A dead man. It’s not the surprise anyone expects to find in an Airbnb.
But that’s exactly what eight women discovered last month hours after checking into their short-term rental in Treme to celebrate a bachelorette party.
Word of the grisly discovery began to make the rounds this week, when one of the women — Abbey Donahue — decided to tell the tale on her personal blog.
According to Donahue, she and her friends drove 10 hours from St. Louis to New Orleans on March 15 after several of their flights were grounded. After they checked into their Airbnb, they spotted a man sitting motionless on a futon in an attached apartment, technically part of their rental.
The man’s face was out of view, and it looked like he might be watching TV or taking a nap, she said. So the women figured it was the owner, or a last-minute renter the owner decided to take in for the busy St. Patrick's Day weekend.
"We were already kind of confused by the area, so we were like, ‘Oh, did you see a guy was in there?' ” Donahue said, adding that they wanted to respect his privacy. “That (he might be dead) is no one's first assumption."
But when the group returned from the French Quarter later that night, the man was still sitting on the futon in the same position. Looking closer, they realized he did not appear to be breathing.
The women called 911, then entered the side apartment and checked to see if the man had a pulse. They found him cold to the touch and with foam around his mouth.
Donahue quickly called Airbnb to report the situation, fearing the man was the homeowner.
“I think it really helped having two nurses in our group, and they handled it really well,” Donahue said. “I was shaking the entire time and my adrenaline was going. I was really focused on making sure that everyone in our group was safe.”
The Orleans Parish coroner later determined that the 26-year-old Dallas native had died from an accidental drug overdose.
Police suggested multiple possibilities for how the man got into the apartment, but it remains a mystery, Donahue said. An Airbnb spokesman confirmed Tuesday that the man had not rented the apartment, and he did not appear to have an Airbnb account.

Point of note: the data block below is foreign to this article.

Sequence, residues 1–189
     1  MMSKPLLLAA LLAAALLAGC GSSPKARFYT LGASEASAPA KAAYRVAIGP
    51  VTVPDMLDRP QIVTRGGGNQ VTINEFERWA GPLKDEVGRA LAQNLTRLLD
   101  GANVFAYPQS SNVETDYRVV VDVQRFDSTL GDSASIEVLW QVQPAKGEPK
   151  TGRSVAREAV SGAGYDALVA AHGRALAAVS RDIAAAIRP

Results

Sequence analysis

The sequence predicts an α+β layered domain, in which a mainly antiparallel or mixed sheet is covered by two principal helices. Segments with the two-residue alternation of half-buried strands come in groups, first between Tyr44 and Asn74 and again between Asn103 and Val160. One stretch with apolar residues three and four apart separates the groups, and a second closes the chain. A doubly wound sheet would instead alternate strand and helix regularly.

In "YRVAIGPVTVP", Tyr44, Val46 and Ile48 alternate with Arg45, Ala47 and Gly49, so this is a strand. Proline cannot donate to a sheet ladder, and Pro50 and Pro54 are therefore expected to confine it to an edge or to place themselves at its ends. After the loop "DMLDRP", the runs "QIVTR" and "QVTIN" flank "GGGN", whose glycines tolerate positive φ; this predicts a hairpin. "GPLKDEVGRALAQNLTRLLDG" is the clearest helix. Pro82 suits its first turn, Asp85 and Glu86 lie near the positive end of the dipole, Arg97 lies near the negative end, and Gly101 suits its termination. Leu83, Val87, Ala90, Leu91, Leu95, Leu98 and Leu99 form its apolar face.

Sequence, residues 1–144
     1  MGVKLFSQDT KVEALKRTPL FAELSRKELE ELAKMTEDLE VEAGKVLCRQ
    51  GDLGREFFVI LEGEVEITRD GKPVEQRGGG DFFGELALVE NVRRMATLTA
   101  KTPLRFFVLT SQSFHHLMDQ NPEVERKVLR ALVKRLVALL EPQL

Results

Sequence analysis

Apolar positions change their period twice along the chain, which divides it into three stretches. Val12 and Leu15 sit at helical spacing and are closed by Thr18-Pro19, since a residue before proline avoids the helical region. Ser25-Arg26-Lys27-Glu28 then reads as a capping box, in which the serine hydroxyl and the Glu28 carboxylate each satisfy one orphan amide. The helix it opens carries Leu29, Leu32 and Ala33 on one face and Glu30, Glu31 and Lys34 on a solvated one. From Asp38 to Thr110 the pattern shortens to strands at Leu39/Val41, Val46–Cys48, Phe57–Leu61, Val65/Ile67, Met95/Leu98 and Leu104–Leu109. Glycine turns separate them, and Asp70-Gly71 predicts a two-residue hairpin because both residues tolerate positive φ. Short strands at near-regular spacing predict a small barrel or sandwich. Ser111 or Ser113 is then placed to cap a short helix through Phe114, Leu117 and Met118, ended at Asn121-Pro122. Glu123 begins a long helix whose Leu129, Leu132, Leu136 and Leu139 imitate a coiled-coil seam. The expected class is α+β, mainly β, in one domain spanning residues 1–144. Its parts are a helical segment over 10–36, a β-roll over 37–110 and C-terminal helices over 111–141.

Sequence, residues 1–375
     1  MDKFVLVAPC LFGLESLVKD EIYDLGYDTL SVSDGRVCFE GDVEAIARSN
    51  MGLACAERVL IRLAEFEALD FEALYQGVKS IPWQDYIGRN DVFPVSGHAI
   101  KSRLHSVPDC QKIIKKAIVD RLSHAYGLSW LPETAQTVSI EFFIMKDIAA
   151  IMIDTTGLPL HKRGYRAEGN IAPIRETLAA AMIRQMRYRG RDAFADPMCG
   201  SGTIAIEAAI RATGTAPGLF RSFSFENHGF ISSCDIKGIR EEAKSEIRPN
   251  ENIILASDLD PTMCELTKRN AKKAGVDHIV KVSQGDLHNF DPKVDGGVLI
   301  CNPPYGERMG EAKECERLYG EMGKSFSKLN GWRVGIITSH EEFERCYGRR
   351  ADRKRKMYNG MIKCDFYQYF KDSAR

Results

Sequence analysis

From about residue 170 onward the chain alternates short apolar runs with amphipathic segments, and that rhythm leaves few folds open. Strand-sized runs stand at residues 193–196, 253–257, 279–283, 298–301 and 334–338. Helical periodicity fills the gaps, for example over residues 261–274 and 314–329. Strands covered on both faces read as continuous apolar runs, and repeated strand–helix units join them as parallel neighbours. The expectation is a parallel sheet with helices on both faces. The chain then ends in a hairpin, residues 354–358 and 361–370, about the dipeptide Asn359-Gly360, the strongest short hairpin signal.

The owner of the home told Airbnb he had no connection to the man and also did not know how the man entered the apartment, which had a separate keypad lock from the home's main entry.
The company quickly told the group it would cover their relocation to a hotel and would refund their money, according to an Airbnb spokesman. The group packed up and moved that night to a hotel in the Central Business District.
"At that point we were just ready to get out. It was very traumatic," Donahue said.
Donahue’s blog documented the remainder of their stay, but she said the group decided this week that the post should be taken down out of respect for the man’s family.
Before their departure on March 17, the women shared their story around town, drawing stunned reactions and even convincing a swamp tour operator to turn his boat around when they explained why they were running late.
With little in information at that point, they referred to the man as "Roman," in a nod to the New Orleans street. At one point, a bartender suggested they raise a toast in his honor. They quickly obliged.
“Finding a dead body is scary, but when you know it’s someone who has a family and a life, it’s (heartbreaking), for sure," Donahue said, expressing condolences to the man's family.
“When it comes to New Orleans, it was one of the coolest cities. We figured if this person did not get to live out his life, we should celebrate him in New Orleans all weekend long."
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